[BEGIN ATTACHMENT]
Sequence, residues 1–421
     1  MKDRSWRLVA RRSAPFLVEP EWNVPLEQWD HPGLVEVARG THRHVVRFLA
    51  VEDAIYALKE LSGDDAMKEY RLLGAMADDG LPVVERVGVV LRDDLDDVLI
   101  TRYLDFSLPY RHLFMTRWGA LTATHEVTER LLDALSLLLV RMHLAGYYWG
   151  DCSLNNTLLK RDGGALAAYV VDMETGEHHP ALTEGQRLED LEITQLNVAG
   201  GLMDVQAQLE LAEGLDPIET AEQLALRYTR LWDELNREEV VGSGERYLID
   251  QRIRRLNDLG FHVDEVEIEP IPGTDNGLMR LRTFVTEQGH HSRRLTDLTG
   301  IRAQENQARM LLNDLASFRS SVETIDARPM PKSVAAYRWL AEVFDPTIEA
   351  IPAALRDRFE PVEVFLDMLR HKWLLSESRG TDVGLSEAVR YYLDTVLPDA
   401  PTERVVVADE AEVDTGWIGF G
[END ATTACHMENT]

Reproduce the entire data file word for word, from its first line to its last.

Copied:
Sequence, residues 1–421
     1  MKDRSWRLVA RRSAPFLVEP EWNVPLEQWD HPGLVEVARG THRHVVRFLA
    51  VEDAIYALKE LSGDDAMKEY RLLGAMADDG LPVVERVGVV LRDDLDDVLI
   101  TRYLDFSLPY RHLFMTRWGA LTATHEVTER LLDALSLLLV RMHLAGYYWG
   151  DCSLNNTLLK RDGGALAAYV VDMETGEHHP ALTEGQRLED LEITQLNVAG
   201  GLMDVQAQLE LAEGLDPIET AEQLALRYTR LWDELNREEV VGSGERYLID
   251  QRIRRLNDLG FHVDEVEIEP IPGTDNGLMR LRTFVTEQGH HSRRLTDLTG
   301  IRAQENQARM LLNDLASFRS SVETIDARPM PKSVAAYRWL AEVFDPTIEA
   351  IPAALRDRFE PVEVFLDMLR HKWLLSESRG TDVGLSEAVR YYLDTVLPDA
   401  PTERVVVADE AEVDTGWIGF G